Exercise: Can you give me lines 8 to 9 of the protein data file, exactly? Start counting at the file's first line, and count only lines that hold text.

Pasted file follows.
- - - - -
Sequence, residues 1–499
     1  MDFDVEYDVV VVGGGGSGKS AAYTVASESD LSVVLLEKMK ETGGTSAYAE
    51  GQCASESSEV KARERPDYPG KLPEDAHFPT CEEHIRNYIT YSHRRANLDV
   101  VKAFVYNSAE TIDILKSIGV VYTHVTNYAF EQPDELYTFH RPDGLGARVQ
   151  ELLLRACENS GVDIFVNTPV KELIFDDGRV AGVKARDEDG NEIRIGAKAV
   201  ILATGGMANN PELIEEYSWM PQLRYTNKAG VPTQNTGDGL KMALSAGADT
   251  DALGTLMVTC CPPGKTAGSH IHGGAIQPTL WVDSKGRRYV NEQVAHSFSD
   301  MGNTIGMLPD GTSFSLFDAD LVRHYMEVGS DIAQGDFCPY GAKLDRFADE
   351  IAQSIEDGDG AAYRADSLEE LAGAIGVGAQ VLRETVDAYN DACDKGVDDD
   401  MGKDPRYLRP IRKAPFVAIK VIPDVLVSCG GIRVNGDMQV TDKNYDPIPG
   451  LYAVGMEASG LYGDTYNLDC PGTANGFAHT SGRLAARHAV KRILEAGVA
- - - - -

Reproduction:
   301  MGNTIGMLPD GTSFSLFDAD LVRHYMEVGS DIAQGDFCPY GAKLDRFADE
   351  IAQSIEDGDG AAYRADSLEE LAGAIGVGAQ VLRETVDAYN DACDKGVDDD